FREE advice - Ask a specialist. Ask Dr Foot a Question about Foot Pain?
Are you worn-out with tired, painful, throbbing feet?
Foot pain is one of those things that are very common, in particular as we age. The majority of us will have no problem remembering the last time we suffered from tired, painful, throbbing feet or had foot pain. You may experience it after a long day on your feet at work or after a day out hitting the shops for some retail therapy. Whether it’s on a daily basis or now and again, it is important to know what is causing your pain and what you can do to help yourself and your feet.
Women who wear tight shoes or high heels, who follow the latest trend are more inclined to suffer from painful, throbbing feet.
Some of the things that can contribute to the cause of foot pain are; age, gender and dehydration.
On the soles of our feet we have a natural fat pad to help protect and cushion our feet from everything we put them through throughout the day. This fat pad starts to thin as we age, leading to dry skin on the feet. Feet also begin to broaden and flatten. In older people, foot pain could present itself as the first early warning signs of arthritis, circulatory disease and diabetes.
Severe foot pain in women is very common. Most probably high-heeled shoes have put women at a higher risk than men to suffer from very bad foot pain. It looks to be that severe foot pain is the chief cause of a common overall disability in older women. Women also have a greater risk of suffering from aching feet if they are pregnant due to hormones being released, weight gain, swelling in their feet and ankles in particular towards the end of the pregnancy.
Feet have a lot of sweat glands, roughly about 250,000 of them. They can excrete up to a quarter of a litre of moisture every day. This is why it is important to drink lots of water and remember to drink it throughout the day.
What causes your feet to feel tired and achey?
Having fallen arches or what is known as over-pronated feet, causes a person to apply more energy when they walk. Research has shown this consequentially results in a greater level of tiredness and exhaustion at the end of the day when compared to other people who do not over-pronate. This research has been proven and reported in the Journal of the American Podiatric Medical Association.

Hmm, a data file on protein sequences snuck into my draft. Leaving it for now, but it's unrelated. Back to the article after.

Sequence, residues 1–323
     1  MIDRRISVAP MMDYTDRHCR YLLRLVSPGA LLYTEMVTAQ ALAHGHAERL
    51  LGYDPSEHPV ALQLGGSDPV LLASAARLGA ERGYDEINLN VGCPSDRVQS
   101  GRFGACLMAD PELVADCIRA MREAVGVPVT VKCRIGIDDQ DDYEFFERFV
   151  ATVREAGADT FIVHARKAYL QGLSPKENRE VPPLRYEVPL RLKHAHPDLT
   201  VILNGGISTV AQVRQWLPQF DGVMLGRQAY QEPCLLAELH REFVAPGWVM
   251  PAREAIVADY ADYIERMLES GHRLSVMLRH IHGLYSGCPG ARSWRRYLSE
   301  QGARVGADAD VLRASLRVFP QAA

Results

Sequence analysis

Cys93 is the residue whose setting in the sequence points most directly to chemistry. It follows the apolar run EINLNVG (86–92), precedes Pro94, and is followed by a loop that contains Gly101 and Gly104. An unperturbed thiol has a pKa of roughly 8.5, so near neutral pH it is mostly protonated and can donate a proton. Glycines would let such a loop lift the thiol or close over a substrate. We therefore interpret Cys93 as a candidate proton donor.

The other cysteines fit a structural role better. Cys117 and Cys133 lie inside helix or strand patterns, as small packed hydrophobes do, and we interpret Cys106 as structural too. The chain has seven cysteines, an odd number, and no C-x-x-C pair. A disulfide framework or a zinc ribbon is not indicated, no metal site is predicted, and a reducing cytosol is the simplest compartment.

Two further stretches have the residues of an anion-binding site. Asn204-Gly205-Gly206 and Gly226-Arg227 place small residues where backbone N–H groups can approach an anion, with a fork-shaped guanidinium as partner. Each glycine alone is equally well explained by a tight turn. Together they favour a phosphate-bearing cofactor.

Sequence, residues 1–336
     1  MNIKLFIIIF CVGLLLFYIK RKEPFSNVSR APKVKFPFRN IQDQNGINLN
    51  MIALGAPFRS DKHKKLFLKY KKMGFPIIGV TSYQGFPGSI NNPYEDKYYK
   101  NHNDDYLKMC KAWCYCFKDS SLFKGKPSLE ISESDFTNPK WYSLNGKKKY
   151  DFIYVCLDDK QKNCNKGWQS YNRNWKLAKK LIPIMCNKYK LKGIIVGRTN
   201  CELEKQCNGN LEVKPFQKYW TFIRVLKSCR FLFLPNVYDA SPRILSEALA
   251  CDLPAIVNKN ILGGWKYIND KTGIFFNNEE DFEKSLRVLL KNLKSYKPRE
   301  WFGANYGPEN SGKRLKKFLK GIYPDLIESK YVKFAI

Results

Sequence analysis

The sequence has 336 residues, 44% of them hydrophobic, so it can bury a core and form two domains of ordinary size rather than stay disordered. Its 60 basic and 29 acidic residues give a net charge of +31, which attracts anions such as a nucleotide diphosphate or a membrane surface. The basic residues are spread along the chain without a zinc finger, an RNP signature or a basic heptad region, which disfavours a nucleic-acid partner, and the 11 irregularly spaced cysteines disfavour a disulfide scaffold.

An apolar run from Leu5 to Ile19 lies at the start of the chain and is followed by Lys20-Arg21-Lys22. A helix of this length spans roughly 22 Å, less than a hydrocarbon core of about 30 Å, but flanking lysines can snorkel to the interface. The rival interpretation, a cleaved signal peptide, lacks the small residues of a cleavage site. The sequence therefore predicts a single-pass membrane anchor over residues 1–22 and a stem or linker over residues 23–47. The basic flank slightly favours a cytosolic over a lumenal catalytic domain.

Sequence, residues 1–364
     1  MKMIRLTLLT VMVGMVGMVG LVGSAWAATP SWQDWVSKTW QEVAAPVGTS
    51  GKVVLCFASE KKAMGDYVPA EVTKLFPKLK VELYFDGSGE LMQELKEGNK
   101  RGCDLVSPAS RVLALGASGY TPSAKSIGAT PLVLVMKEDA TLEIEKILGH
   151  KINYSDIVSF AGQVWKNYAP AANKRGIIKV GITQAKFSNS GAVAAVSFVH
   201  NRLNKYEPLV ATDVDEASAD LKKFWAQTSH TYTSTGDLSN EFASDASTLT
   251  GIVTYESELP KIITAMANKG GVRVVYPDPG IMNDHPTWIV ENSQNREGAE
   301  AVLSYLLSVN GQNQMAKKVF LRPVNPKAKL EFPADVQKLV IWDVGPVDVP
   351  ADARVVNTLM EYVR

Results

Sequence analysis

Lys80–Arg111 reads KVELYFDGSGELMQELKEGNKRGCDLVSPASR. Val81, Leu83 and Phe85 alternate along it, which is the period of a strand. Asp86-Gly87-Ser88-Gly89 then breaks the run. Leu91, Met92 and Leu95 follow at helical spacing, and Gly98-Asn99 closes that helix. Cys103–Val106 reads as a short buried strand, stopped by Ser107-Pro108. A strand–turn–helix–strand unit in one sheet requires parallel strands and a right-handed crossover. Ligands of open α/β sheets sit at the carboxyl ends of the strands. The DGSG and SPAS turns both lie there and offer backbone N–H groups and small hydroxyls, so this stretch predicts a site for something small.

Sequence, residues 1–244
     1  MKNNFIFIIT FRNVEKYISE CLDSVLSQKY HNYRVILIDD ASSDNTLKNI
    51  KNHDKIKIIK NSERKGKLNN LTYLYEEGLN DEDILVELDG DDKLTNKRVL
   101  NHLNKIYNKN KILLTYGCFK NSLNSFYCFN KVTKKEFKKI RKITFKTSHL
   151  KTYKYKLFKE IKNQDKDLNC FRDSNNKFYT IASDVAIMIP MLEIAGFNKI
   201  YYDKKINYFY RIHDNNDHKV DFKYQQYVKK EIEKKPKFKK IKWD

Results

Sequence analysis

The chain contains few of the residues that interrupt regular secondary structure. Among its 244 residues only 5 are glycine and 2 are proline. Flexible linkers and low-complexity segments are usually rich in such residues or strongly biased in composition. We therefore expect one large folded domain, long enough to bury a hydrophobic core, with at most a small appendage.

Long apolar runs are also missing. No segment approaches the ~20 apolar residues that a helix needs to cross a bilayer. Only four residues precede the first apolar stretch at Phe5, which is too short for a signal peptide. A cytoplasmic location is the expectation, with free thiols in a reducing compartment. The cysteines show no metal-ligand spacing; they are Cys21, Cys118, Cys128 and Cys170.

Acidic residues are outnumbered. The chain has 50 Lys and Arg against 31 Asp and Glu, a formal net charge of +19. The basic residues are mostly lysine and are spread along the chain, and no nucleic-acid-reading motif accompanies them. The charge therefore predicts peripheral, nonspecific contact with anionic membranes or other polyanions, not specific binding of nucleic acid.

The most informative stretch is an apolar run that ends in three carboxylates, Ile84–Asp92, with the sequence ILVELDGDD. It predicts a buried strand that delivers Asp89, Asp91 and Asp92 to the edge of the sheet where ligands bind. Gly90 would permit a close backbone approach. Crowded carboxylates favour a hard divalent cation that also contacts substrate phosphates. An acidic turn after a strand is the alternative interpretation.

Standing for a long period of time or doing a lot of hard fast walking has obvious consequences on your feet. Other causes comprise of badly padded shoes, tight socks or stocking and shoes which do not fit properly. As all these cause bad and reduced blood circulation to the feet and ankles thus causing tired and aching feet.
Relief and treatment from tired, aching feet.
Try to have your feet massaged on a regular basis.
Try to exercise your feet, it can help them stay healthy. You will tone muscles and it will help to reinforce and strengthen the arches and stimulate your blood circulation. (Have a look at the exercise below)
Soak your feet in warm water in a big bowl or a foot spa with some Teatree oil in it. Peppermint oil is also very good and has a calming effect. To relax your feet you can also use a good quality foot cream.
• Take some time-out. Lie on the floor and put your feet up onto the couch or bed for about 15-20 minutes and relax. This is a method of clearing the lymph modes and the water retention which could be the probable causes of your aching feet.
Wear orthotic insoles in your shoes, they can be very beneficial. Dr Foot Insoles control over pronation and support your arches, getting rid of one of the key causes of tired and aching feet! For women's fashion shoes Dr Foot Slim Fit Insoles can be very useful, they provide both cushioning and re-alignment.
Some useful foot exercises.
* Whilst sitting down, extend and stretch the sole of the foot in a straight line with the leg, hold for a few seconds and relax, then repeat.
* Still sitting, stretch out and extend your feet one at a time and rotate and turn slowly at the ankle, whilst trying to make the biggest circle you can manage with your big toe. Do this in one direction to begin with then the other.
* Still stay sitting with your feet on the floor. Move your toes up and down, nice and steady, focus on the toes only.
* For this one you will have to stand up with your feet parallel to each other, you can use a sturdy piece of furniture for support if you need to. Rise up and down on your tiptoes slowly. This exercise helps to strengthen the foot muscles and exercise the leg muscles.